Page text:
FORT WORTH, Texas -- TCU coach Gary Patterson tried to calm down his celebrating players in the locker room. He told them to act like this win was just like any other.
But eventually, even Patterson admitted he wouldn’t be able to contain his excitement for long, either.
This wasn’t any ordinary win.
"Am I really excited? Do I want to go scream? Yeah. Yeah I do,” Patterson said. “Maybe somewhere where nobody can see me, I might.”
Nobody could blame Patterson for screaming, or the Horned Frogs for celebrating.
After two seasons of Big 12 mediocrity, TCU toppled fourth-ranked Oklahoma 37-33 Saturday at Amon G. Carter Stadium to send a message: The Horned Frogs are finally Big 12 contenders. And maybe something even more.
“We feel like we can win the Big 12 title,” said Horned Frogs quarterback Trevone Boykin. “And I’m pretty sure if we win the Big 12, we’ll have a shot [at the playoff]."
TCU entered the Big 12 in 2012 as a mid-major powerhouse, going 47-5 in its final four seasons as a member of the Mountain West. But the Horned Frogs compiled a 6-12 record against Big 12 opponents in their first two seasons in the conference and missed a bowl game last season for the first time in nine years.
TCU (4-0, 1-0 Big 12) had been yearning for a win to celebrate, to scream about.
Saturday, the Horned Frogs finally got it, catapulting them to Waco, Texas, with a chance to gain a stranglehold on the Big 12 race this upcoming weekend against No. 7-ranked Baylor -- the league’s only other still-undefeated team.
“We have a great opportunity now,” TCU defensive tackle Chucky Hunter said. “But we’re going to take this one game at a time and see where everything lands at the end of the season.”
While TCU’s playoff chances received a shot in the arm, Oklahoma’s were put on life support. Buoyed by their win over Alabama in last season's Sugar Bowl, the Sooners stormed into this season with Big 12 title and playoff aspirations. But after a dominating first four games, Oklahoma’s offense flat-lined in the fourth quarter in Fort Worth.
Sooners quarterback Trevor Knight completed just 14 of 35 passes and went through a key stretch in the second half when he completed only 2 of 10. The Horned Frogs also bottled up Oklahoma standout freshman running back Samaje Perine, who scored three touchdowns but rushed for only 59 yards.
Save for a blocked extra point return, the Sooners went scoreless in the fourth quarter.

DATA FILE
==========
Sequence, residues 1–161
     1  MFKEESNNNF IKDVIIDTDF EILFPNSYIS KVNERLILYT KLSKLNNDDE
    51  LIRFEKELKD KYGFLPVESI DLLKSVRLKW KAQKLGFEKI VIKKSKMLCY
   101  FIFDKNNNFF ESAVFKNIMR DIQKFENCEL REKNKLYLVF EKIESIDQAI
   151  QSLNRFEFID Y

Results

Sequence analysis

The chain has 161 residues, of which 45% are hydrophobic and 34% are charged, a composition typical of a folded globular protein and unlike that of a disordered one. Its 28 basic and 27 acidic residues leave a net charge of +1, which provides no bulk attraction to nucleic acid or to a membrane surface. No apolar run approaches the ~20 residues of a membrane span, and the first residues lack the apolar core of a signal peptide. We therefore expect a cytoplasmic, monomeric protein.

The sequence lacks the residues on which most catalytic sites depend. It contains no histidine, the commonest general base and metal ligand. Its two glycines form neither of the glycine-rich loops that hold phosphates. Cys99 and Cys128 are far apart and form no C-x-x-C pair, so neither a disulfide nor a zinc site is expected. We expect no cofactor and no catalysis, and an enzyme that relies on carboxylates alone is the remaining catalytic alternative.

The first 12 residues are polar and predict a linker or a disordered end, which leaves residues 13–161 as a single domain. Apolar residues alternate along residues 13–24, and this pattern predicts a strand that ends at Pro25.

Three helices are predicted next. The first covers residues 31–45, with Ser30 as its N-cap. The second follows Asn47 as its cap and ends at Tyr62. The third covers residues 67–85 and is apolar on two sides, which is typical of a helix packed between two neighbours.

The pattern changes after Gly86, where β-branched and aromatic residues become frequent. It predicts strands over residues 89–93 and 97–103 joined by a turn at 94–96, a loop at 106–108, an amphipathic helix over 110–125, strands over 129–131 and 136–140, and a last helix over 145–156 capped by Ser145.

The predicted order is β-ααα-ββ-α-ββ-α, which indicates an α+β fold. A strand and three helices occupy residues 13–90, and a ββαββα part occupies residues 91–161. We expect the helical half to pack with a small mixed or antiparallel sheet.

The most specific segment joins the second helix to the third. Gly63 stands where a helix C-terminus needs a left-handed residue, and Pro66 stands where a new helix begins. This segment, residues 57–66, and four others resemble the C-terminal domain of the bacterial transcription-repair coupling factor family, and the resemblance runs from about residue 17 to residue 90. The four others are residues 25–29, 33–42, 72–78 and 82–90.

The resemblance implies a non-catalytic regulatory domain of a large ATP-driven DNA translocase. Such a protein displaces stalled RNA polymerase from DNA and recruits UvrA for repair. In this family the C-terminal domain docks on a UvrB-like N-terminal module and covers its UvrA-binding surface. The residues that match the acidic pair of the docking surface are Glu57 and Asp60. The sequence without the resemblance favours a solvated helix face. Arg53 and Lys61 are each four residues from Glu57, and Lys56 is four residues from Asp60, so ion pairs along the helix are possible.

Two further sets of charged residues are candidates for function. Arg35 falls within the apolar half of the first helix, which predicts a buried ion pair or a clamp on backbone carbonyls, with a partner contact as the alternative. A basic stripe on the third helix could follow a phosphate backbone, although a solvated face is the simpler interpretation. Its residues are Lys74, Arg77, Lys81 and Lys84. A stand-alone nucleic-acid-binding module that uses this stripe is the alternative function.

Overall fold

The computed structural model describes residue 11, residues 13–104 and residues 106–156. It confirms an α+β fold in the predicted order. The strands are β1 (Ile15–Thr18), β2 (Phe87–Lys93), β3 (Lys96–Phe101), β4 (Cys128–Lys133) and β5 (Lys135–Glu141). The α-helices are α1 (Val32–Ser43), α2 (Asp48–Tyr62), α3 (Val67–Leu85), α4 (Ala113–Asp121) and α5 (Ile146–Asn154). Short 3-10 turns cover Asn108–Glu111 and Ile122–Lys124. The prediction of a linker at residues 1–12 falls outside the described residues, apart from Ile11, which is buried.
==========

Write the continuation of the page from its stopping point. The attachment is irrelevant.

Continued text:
“The bottom line is they made plays and we didn’t,” said Oklahoma coach Bob Stoops. “We had our opportunities and chances late in the second half and we couldn’t take advantage.”
Three times in the final seven minutes, the Sooners had the ball on the TCU side of the field.
All three times, the Sooners came up without points.
After the Horned Frogs fumbled two plays later, Oklahoma had another chance to take the lead with three minutes remaining. But on fourth-and-1 at the TCU 22-yard line, Perine was stuffed short of the first down by linebacker Marcus Mallet.
The Sooners had one final chance, but Knight’s Hail Mary attempt sailed out of the end zone as time expired.
“Finally, after two years, the football gods ... we finally got a little luck,” Patterson said.
There was nothing lucky about TCU’s win, however.
The Horned Frogs outgained Oklahoma, generated more first downs than Oklahoma and controlled the trenches better than the Sooners.
It was also the first time in 14 meetings TCU had ever scored more than 20 points against the Sooners, part of the reason why Patterson revamped his offense in the offseason, hiring coordinators Doug Meacham and Sonny Cumbie to install an up-tempo, wide-open attack.
"We just didn't have enough firepower,” Patterson said.
No one has thrived more in the new attack more than Boykin, who remained calm and collected as Knight struggled. Boykin, who beat out Texas A&M transfer Matt Joeckel for the job in the preseason, completed 20 of his 38 passes and accounted for three touchdowns while generating a career-high 395 yards of offense. He also kept plays alive with his feet, burning the Sooners by escaping the pocket when they tried to blitz.
“He was tremendous,” Patterson said of Boykin, who has at least 250 yards passing in all four of TCU’s games. “The key for any quarterback is finding a way to win a big game. And he did that.”
While Boykin and the offense gave TCU its chance for a program-defining win, it was the defense that clinched it.
Paul Dawson, who arrived at TCU as a wide receiver and was sick and throwing up on the field during the game, picked off Knight at line of scrimmage in the fourth quarter.
“I was supposed to blitz,” Dawson said. “But I read [Knight’s] eyes.”
Dawson raced 41 yards with the interception for a touchdown to give the Horned Frogs a fourth-quarter lead.
His defensive teammates then did the rest.
“We opened a lot of eyes,” Hackett said, “that we have a great team, too.”
The Horned Frogs have been waiting to open eyes, to show they’re a conference title contender again.
They seem to be just that. And maybe even more.